One of the most prominent trends across mobile gaming over the past few years is the development of internal advertising technology for the purposes of streamlining user acquisition. This commonly took the form of in-housing programmatic mobile media buying, but it manifested in other ways, too:
- Analytics and reporting automation, specifically real-time cohort ROAS analysis and LTV estimation;
- Audience testing and experimentation;
- Creative testing and even production automation;
- Bidding and other campaign parameter adjustments via API with non-programmatic platforms such as Facebook.
I describe most of these initiatives and the way they interlace in The five levels of digital marketing automation. While I have seen some companies make meaningful progress in building “ad tech” through the kind of automation and product development outlined above, the majority of the projects I witnessed either withered on the vine or failed outright. Building ad tech requires a wholly different skillset from building mobile games, and most game developers underestimate the cost of building these systems by a considerable margin (and abandon them when the real costs become clear).
But while it is uncommon to see game developers succeed at building real, durable proprietary ad tech, the opposite is not true: many ad tech companies have successfully expanded into mobile gaming, and that trend is accelerating:
- Unity, the mobile ad network and game engine developer, announced a games publishing program called Game Growth Program in October 2020;
- Applovin, a mobile advertising network, has been aggressively taking majority stakes in gaming studios — some very quietly — for years. Notably, Applovin purchased MZ, the developer behind Game of War, in May 2020;
- IronSource, which operates a mobile advertising and monetization platform, launched Supersonic Games, a studio focusing on the production of ad-based games, in February 2020.
Developments like the three examples above have always made more sense than the obverse: game studios attempting to build ad tech internally. But these activities — layering first- and second-party content atop existing ad tech infrastructure — make increasing sense in the environment that the mobile ecosystem is trending into in 2021.
Ultimately, it’s easier for ad tech firms to integrate first- and second-party content than it is for game developers to build functional, scaleable ad tech. One reason for this is that there exists an abundance of people that want to make games: more small studios with finished games that can be scaled with performance user acquisition exist than do small ad tech companies with viable technology. So simply from a supply and demand perspective, it’s easier for an ad tech company to acquire a gaming division than for a gaming company to acquire an ad tech division.
Other considerations also limit the pain of these types of integrations. Any ad tech division tacked onto a gaming company will build internally-facing tech that isn’t really core to the company’s focus (and will be the first jettisoned in cost-cutting efforts). But a gaming division will be a revenue driver for an ad tech company, meaning it is likely to be properly resourced, and its success will be directly linked to new revenue.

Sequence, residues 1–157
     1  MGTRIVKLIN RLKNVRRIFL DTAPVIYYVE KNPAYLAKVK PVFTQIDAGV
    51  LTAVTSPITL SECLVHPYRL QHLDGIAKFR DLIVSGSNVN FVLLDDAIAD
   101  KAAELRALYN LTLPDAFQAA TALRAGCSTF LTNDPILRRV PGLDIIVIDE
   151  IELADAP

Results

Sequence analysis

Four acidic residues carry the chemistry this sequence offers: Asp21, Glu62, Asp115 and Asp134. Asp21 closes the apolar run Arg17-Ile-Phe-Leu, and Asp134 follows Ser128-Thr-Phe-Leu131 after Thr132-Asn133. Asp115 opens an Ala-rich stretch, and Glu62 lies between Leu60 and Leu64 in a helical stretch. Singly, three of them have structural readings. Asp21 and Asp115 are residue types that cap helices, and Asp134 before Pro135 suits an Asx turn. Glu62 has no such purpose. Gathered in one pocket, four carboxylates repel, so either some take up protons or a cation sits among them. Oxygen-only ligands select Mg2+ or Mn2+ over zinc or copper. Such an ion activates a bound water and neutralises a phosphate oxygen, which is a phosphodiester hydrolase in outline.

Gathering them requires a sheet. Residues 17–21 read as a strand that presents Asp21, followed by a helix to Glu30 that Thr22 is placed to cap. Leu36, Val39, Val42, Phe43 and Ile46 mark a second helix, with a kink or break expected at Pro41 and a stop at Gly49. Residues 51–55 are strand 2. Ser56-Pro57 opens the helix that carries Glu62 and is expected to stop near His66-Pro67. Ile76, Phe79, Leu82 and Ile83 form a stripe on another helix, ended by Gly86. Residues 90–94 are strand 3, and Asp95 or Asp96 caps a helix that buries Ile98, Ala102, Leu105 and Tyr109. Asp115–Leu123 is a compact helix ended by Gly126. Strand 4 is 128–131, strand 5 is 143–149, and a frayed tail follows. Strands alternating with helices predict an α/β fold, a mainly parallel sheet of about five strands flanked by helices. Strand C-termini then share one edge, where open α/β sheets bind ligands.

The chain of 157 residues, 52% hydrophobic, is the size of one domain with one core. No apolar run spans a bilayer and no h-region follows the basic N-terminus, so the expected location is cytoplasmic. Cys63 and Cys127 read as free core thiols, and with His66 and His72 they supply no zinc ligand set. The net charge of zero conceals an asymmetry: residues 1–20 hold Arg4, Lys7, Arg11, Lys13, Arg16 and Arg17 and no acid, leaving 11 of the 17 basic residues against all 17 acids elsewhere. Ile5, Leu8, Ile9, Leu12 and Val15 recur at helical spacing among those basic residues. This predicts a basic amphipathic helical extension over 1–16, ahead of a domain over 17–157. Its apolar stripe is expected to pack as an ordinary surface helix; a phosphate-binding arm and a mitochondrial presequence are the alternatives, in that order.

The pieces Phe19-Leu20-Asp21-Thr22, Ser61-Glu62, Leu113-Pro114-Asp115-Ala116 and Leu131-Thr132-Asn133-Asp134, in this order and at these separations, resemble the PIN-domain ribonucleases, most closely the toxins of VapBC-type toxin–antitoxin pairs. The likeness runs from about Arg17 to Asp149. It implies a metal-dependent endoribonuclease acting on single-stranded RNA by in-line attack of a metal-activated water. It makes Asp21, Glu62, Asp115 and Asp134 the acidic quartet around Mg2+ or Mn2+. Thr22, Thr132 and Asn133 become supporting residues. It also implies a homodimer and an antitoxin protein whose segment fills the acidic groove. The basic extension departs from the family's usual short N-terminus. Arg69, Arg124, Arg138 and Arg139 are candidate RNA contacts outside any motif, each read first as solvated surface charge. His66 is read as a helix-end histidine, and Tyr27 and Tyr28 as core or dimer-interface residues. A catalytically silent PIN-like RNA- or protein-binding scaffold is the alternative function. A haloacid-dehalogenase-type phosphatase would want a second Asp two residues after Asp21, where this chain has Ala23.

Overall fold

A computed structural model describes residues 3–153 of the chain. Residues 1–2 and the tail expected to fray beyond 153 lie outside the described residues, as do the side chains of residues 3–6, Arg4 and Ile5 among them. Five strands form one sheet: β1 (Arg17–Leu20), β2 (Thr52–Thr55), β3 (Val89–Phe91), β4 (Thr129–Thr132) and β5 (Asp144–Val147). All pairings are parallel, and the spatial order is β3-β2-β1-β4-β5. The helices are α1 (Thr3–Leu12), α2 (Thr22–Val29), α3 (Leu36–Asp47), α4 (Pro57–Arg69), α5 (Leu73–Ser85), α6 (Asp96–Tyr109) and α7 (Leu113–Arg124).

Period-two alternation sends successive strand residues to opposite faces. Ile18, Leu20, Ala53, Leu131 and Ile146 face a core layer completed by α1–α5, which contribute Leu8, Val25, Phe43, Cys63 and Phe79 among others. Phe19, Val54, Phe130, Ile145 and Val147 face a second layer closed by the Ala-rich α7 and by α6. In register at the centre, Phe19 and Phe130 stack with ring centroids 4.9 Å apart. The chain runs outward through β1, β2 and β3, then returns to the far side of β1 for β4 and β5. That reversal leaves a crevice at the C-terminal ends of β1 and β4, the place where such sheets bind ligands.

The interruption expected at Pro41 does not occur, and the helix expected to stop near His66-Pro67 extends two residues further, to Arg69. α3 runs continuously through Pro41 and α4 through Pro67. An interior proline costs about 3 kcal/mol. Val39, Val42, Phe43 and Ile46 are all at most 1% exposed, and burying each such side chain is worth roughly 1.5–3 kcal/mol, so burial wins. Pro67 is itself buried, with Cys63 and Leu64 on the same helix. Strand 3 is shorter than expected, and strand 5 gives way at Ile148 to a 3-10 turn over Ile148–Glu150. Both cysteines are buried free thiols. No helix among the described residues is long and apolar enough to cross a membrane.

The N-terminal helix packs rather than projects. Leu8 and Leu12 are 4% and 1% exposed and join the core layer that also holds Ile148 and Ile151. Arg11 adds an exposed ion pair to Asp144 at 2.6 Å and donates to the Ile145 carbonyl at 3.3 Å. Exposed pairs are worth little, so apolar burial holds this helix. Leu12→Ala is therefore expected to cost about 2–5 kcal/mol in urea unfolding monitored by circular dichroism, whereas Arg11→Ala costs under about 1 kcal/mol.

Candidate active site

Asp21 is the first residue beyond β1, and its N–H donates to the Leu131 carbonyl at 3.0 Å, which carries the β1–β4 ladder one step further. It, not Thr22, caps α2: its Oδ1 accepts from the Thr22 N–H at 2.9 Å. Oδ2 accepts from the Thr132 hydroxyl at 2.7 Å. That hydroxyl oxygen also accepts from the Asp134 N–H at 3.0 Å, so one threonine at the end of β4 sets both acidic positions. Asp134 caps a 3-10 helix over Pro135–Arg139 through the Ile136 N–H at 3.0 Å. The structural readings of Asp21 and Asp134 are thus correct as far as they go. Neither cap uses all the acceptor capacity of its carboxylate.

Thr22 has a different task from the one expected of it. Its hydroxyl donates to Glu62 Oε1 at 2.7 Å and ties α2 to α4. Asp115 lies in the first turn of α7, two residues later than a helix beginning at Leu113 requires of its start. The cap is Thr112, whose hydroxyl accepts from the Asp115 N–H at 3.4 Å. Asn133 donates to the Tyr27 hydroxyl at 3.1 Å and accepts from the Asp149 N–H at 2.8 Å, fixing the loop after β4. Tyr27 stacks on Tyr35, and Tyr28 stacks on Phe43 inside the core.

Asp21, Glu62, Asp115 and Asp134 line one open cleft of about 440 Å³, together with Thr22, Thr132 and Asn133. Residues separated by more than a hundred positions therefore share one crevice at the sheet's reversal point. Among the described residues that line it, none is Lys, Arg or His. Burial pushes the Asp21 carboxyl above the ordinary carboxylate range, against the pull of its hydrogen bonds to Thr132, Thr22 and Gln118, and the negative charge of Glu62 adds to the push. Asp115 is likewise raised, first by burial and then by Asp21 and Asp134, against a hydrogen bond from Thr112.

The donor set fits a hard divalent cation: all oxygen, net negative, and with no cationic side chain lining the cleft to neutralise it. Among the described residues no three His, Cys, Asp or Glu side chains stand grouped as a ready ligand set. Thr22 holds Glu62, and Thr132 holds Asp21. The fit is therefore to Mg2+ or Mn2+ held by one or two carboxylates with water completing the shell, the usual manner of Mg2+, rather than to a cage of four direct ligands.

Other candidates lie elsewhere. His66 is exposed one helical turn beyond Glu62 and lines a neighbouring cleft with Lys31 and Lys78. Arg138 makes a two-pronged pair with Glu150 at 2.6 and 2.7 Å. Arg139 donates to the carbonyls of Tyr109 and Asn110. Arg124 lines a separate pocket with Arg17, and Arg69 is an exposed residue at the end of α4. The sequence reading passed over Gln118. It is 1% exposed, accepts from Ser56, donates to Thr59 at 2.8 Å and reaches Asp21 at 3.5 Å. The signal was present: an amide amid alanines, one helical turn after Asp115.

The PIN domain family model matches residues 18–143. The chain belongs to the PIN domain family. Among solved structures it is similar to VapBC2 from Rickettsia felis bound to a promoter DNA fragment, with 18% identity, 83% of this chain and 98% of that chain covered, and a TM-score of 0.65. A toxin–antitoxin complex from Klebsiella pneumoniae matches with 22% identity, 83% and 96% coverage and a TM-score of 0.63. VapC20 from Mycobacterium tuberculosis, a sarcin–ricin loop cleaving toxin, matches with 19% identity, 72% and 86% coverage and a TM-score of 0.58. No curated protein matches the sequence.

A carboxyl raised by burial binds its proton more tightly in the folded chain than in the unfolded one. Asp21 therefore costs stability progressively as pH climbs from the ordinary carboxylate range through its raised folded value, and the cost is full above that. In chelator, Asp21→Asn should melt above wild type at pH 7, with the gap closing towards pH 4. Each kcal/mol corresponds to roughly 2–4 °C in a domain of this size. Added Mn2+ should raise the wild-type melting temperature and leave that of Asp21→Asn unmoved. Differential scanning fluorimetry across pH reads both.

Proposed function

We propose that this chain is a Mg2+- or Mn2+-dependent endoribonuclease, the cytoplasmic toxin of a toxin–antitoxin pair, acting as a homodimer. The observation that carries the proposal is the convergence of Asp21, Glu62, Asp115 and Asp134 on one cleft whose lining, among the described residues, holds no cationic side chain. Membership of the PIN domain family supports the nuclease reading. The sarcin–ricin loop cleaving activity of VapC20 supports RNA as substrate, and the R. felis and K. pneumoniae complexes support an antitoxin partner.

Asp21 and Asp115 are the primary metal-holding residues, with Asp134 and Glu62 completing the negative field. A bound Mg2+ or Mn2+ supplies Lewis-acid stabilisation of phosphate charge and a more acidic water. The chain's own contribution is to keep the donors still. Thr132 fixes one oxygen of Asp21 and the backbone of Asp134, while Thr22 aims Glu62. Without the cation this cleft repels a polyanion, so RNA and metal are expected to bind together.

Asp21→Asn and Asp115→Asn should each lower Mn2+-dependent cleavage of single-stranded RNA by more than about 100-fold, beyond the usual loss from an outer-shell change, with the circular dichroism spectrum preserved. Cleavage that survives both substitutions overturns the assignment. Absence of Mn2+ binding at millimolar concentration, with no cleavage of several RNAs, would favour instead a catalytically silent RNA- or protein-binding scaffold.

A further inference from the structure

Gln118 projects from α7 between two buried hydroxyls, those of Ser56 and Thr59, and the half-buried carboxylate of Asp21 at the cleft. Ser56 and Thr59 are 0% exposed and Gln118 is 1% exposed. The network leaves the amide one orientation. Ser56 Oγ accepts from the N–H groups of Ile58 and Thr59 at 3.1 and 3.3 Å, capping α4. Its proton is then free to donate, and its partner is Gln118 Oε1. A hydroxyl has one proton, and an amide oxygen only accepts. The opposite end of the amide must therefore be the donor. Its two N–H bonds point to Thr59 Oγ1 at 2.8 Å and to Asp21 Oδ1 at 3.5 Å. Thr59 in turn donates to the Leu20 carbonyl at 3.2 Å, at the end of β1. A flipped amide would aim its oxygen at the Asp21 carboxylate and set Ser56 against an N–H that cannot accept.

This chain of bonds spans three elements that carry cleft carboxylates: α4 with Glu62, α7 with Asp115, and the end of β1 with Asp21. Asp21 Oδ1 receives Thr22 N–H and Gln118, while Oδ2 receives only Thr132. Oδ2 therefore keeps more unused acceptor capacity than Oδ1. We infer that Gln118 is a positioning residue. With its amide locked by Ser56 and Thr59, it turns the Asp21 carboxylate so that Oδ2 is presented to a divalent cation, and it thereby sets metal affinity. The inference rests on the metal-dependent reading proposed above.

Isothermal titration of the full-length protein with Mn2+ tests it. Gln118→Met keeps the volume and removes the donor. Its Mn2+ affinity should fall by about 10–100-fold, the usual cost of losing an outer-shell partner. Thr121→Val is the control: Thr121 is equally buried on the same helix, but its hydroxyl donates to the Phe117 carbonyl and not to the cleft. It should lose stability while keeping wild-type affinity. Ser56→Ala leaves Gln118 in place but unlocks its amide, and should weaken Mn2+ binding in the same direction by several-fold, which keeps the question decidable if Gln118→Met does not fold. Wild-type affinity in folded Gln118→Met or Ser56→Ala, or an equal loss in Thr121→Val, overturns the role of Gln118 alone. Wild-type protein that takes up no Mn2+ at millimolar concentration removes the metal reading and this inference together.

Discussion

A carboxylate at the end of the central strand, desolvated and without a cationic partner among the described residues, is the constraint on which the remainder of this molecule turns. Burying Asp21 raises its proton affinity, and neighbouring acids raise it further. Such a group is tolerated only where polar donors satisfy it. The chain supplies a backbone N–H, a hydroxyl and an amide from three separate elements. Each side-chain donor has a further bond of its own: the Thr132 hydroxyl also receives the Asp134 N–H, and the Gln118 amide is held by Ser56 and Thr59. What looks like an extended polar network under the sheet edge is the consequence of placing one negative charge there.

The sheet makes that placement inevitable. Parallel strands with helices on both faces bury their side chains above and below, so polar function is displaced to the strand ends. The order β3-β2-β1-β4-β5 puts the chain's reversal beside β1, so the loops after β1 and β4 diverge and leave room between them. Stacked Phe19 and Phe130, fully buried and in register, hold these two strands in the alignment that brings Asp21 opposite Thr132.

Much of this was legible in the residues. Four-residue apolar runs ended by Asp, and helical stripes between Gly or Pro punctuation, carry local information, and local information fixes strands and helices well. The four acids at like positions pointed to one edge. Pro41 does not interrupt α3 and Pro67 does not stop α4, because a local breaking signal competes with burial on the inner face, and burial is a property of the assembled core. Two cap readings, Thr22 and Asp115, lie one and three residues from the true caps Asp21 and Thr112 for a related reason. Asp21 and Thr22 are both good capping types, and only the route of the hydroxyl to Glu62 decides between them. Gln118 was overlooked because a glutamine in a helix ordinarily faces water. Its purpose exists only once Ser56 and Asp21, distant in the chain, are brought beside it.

What I believe will drive increased M&A and investment by mobile ad tech companies into content divisions over the next few years is the competitive advantage that proprietary ad serving infrastructure will bring to portfolio strategy, yield management, and user engagement optimization in the absence of mobile advertising identifiers (MAIDs) like the IDFA. As I wrote in The Imminent Ragnarok of M&A in Mobile Gaming Space, I believe that the introduction of ATT and the deprecation of the IDFA is a fundamental market evolution for the mobile gaming space — the third such evolution since the introduction of the App Store — that will catalyze a torrent of consolidation and innovation in the sector.
But simply aggregating studios together doesn’t address the problem created by the deprecation of the IDFA, which is efficient growth and user retention / re-engagement via ad platforms. Inorganic growth through studio acquisitions might help to increase a gaming company’s DAU, but without a strategy in place for targeted and systematic cross-promotion, natural dispersion will erode that DAU, and without the use of the IDFA, acquisition and re-engagement from external sources (eg. Facebook, ad networks, programmatic sources, etc.) will prove challenging.
The combination of core ad tech and proprietary content allows a studio to extract outsized value from content acquisitions by retaining users within a portfolio beyond their natural in-game lifecycles. I have been proselytizing for intelligent cross-promotion and portfolio management for years (as in my GDC presentation from 2016, starting at slide 62), but it mostly wasn’t needed, given the efficiency with which users could be reached on external ad platforms via the IDFA.
That brute force trawling will not work in the absence of the IDFA. What gaming companies need to reckon with is the notion that it’s cheaper to retain a user than to acquire a new one: this historically hasn’t been true — not really, although some companies mistook their inability to monetize users for a generally elevated “cost” in the mobile advertising market. What comes next for mobile gaming in the new epoch being precipitated with ATT will lay bare how much of the heavy lifting of audience management and growth the big ad platforms contributed until now. The need for real ad tech within content companies will become clear.